Forbes India 15th Anniversary Special

Does interim gender Budget 2024 do enough for a women-led 'Viksit Bharat' vision?

The gender Budget, at Rs3 lakh crore, recorded the highest annual increase over the last decade. Yet, outlays continue to be concentrated among a few ministries and departments, and immediate priorities like digital literacy and mobility need more recognition and support

Published: Feb 5, 2024 02:26:56 PM IST
Updated: Feb 5, 2024 04:15:24 PM IST

Does interim gender Budget 2024 do enough for a women-led 'Viksit Bharat' vision?Gender mainstreaming, and ensuring that women receive their due benefits under flagship government schemes have been key drivers for this measurable progress. Image: STR/NurPhoto via Getty Images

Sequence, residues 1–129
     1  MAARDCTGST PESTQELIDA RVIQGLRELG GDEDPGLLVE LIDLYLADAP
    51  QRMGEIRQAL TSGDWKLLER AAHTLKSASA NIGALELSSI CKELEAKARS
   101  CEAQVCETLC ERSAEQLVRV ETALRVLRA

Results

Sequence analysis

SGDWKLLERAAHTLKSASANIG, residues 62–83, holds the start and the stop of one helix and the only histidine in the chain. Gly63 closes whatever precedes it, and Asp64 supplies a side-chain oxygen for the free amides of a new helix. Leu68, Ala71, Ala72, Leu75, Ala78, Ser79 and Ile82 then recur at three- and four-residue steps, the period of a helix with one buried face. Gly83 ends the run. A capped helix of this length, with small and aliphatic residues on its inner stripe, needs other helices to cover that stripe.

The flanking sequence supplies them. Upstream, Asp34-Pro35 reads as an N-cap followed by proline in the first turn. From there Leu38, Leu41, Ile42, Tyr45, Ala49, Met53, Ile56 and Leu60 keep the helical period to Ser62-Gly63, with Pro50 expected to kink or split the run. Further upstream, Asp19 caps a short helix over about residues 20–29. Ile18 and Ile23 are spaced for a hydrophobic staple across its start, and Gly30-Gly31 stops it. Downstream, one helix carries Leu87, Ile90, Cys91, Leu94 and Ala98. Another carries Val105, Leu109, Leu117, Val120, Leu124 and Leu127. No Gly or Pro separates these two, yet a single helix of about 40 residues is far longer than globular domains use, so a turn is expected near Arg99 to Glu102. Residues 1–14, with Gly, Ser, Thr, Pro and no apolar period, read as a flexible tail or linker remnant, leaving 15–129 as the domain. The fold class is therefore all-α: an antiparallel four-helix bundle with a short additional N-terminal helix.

India’s progress towards gender equality over the last decade can be characterised using one of our favourite monikers – slow, but steady. Government of India data suggests that the female labour force participation rate for working age women has risen from 23 percent in 2017-18 to 37 percent in 2022-23. Today, nearly 90 percent of women participate in household decision making, almost 43 percent own a house individually or jointly with others, and nearly 80 percent have a bank account that they themselves use.

Gender mainstreaming, and ensuring that women receive their due benefits under flagship government schemes such as the Jan Dhan–Aadhaar–Mobile (JAM) trinity, the PM Awas Yojana (PMAY), and the Mudra scheme have been key drivers for this measurable progress.